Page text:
Thanks for your reply. I understand what your saying about music and films, but Kahneman was only really using that as a (seemingly bad) example of human experience in general. What I think he meant to get across was that duration neglect and peak end biases can effect ALL experiences. The examples of a 30 year moderately happy life being rated as better than 30 years of moderate happiness followed by 5 years of slightly less happiness and death at 35 is key here - i.e. people rate "slightly less happiness" as worse than death! Also a very happy marriage ending in divorce often being remembered badly when actually most of the present moments of that marriage were very happy. I think you are thinking too much with your 'remembering self' rather than your 'experiencing self'. Obviously we are our remembering selves whenever we think of the past usually, but the actual happiness (utility) a person gets in every moment of their actual experience is surely as important (and here the example of painful medical procedures is important) as what they remember?

Posted on 19 Jul 2012 21:16:17 BDT
I agree with the consensus of this review, but would go further to say that the first 100 pages is all that is needed to get a lucidly clear understanding of mental frailties that is indeed inspirational.

But he then dives deeper and into a mind-numbing series of variations of economic theories based on gambling. The result is that 300 pages of the book have almost nothing to do with the title, and are certainly at total discord to the focus of the first 100.

But the book is absolutely worth those 100 pages. You will never think about thinking and decision making again.

Posted on 27 Aug 2012 16:29:03 BDT
Mr. A. Bass says:
Hi, I have to say I disagree. Whilst the amount of work on various gambles is a little longer than might appear required the insights about the difference between the experiential and the remembering self are incredibly valuable. Just look at the number of people who are so focused on photographing events and posting them on Facebook that they miss the event itself. I don't think your interpretation of this point goes deeply enough.

In reply to an earlier post on 27 Aug 2012 18:12:14 BDT
Thanks for your feedback. Always appreciated to see counter viewpoints.

I stick by my viewpoint - the range of gambling examples in the last 3/4 of the book was as narrow as the first 1/4 was wide. They do add, but the reading became ever more laboured - a reducing return on investment. If he had compressed that 3/4 from 300 to 100 pages, then it would probably have been fine. These examples were much more about economic choices than the main theme of the book - the counterpoint between the fast thinking subconscious and the slow and easily tired conscious mind.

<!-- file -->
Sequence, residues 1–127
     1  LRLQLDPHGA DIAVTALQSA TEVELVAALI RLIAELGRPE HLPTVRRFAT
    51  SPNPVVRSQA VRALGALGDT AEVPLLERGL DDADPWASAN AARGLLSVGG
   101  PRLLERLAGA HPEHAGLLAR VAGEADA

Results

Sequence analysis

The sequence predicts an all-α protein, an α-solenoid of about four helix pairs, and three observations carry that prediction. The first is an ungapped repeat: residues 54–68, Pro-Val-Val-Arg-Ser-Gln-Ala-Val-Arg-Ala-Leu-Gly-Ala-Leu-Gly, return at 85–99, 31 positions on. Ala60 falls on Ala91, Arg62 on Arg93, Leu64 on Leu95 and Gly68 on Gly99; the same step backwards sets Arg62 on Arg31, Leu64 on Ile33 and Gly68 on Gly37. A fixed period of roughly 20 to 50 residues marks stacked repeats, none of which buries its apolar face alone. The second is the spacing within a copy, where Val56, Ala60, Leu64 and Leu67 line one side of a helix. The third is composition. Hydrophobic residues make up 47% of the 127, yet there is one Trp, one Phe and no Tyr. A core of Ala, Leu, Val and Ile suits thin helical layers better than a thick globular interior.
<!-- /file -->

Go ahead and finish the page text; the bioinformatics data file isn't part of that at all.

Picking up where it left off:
In reply to an earlier post on 26 Oct 2012 10:05:36 BDT
[Deleted by the author on 27 Mar 2013 14:41:05 GMT]

In reply to an earlier post on 26 Oct 2012 10:46:16 BDT
Thanks for the endorsement, but I think he deserves better justice than that - I have read many books on psychology and the first 100 pages were more illuminating than most.

Posted on 30 Nov 2012 13:56:03 GMT
Radu Grigore says:
This review is plain wrong. The reviewer clearly didn't understand the second part of the book. This does mean that the book could have been better written, but it does not mean that the second part is laughable.

Interestingly, the confidence with which the dichotomy experience/memory is mocked makes a good example for another observation made in the book: Experts who sound very confident are usually wrong.

Crap. My comment sounds kinda confident.

Oh, not anymore. Thank God!

In reply to an earlier post on 30 Nov 2012 14:05:08 GMT
I laboured through the pages after about page 100. I understood them, but the fact is that they supplied ever finer evidence for an economic understanding of the human mind.

But the book is not about economics. It is about thinking. Economics is but a subset of thinking.

As with all reviews, my assessment reflects my judgement. I judged that the first 100 pages were superb and that he then lost focus and slipped into too much detail.

I lent the book to the smartest person I know, who also abandoned reading for much the same reasons. This is someone who used to read chemistry books for fun as a school boy, and for whom economics is a favourite subject.